I never saw theory as really connected to American politics. And I’ve known a fair number of people who have either run or worked for the Democratic Party. Most of these people really are concerned with getting concrete legislation passed. With none of these people-- including a woman who tried to take Allan Grayson’s seat in Florida two years ago—did I ever talk about Foucault. With Millennials who have been through graduate programs in the humanities and soft social sciences starting to run for office, there probably is more of an awareness of critical theory.
When I was in graduate school, I served as a paid mentor for six first-year graduate students. In our first meeting, I said, “Welcome to English, where bad ideas come to die.” When one of my charges asked me what I meant, I said, can you think of another discipline in which Freud and Marx are taken seriously? Psychology abandoned Freud decades ago. And most economists don’t take Marx at all seriously. But welcome to the humanities, where really bad ideas really are taken seriously.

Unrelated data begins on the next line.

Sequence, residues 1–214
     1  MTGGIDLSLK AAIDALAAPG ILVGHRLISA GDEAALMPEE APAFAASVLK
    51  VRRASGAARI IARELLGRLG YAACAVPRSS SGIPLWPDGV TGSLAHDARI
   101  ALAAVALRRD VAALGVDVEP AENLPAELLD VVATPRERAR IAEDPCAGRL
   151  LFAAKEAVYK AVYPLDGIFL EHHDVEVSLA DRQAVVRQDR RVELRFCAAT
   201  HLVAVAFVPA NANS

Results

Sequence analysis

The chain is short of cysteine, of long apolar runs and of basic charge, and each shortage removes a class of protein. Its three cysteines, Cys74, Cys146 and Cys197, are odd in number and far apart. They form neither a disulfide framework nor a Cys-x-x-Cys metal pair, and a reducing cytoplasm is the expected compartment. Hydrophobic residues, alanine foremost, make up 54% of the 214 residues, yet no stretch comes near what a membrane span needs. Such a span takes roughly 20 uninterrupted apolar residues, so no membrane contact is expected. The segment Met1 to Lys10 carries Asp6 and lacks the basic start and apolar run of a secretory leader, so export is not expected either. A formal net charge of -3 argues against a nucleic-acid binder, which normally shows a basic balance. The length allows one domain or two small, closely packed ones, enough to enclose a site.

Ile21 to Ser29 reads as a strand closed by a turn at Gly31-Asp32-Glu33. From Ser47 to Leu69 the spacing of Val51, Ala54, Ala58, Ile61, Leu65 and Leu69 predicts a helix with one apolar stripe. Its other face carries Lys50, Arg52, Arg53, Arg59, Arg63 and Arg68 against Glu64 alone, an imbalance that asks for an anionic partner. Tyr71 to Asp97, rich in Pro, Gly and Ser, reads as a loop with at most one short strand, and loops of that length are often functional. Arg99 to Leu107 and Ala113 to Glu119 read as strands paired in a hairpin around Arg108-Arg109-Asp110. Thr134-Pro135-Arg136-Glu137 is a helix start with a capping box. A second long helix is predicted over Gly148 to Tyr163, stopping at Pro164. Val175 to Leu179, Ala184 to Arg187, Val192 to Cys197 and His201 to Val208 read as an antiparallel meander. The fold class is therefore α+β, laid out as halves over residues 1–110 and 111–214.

In showing us that postmodernism and social justice warrior culture are absurd at best and dangerous at worst, Rectenwald has told the truth. And in this postmodern age, that truth telling is more important than ever.